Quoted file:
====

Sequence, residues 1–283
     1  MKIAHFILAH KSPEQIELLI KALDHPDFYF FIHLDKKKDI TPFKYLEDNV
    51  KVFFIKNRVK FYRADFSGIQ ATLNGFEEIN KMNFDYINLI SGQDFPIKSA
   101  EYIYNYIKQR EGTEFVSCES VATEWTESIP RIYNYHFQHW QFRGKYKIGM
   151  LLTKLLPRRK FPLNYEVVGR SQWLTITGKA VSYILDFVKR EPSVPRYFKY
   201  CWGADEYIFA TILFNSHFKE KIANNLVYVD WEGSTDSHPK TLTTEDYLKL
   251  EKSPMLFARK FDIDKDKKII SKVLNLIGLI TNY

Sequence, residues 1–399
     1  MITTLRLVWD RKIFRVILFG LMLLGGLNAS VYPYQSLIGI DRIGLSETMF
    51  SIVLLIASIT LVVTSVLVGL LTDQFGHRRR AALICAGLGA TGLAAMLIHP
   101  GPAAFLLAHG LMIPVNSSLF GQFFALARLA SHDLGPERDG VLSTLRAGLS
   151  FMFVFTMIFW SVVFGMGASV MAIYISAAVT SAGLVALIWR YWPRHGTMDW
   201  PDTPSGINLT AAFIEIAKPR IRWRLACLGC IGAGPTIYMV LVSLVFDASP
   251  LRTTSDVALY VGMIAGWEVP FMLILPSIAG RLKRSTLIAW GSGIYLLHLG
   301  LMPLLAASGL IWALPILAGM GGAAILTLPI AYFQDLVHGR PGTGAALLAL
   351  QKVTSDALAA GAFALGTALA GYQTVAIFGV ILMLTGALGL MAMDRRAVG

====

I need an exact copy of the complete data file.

Sequence, residues 1–283
     1  MKIAHFILAH KSPEQIELLI KALDHPDFYF FIHLDKKKDI TPFKYLEDNV
    51  KVFFIKNRVK FYRADFSGIQ ATLNGFEEIN KMNFDYINLI SGQDFPIKSA
   101  EYIYNYIKQR EGTEFVSCES VATEWTESIP RIYNYHFQHW QFRGKYKIGM
   151  LLTKLLPRRK FPLNYEVVGR SQWLTITGKA VSYILDFVKR EPSVPRYFKY
   201  CWGADEYIFA TILFNSHFKE KIANNLVYVD WEGSTDSHPK TLTTEDYLKL
   251  EKSPMLFARK FDIDKDKKII SKVLNLIGLI TNY

Sequence, residues 1–399
     1  MITTLRLVWD RKIFRVILFG LMLLGGLNAS VYPYQSLIGI DRIGLSETMF
    51  SIVLLIASIT LVVTSVLVGL LTDQFGHRRR AALICAGLGA TGLAAMLIHP
   101  GPAAFLLAHG LMIPVNSSLF GQFFALARLA SHDLGPERDG VLSTLRAGLS
   151  FMFVFTMIFW SVVFGMGASV MAIYISAAVT SAGLVALIWR YWPRHGTMDW
   201  PDTPSGINLT AAFIEIAKPR IRWRLACLGC IGAGPTIYMV LVSLVFDASP
   251  LRTTSDVALY VGMIAGWEVP FMLILPSIAG RLKRSTLIAW GSGIYLLHLG
   301  LMPLLAASGL IWALPILAGM GGAAILTLPI AYFQDLVHGR PGTGAALLAL
   351  QKVTSDALAA GAFALGTALA GYQTVAIFGV ILMLTGALGL MAMDRRAVG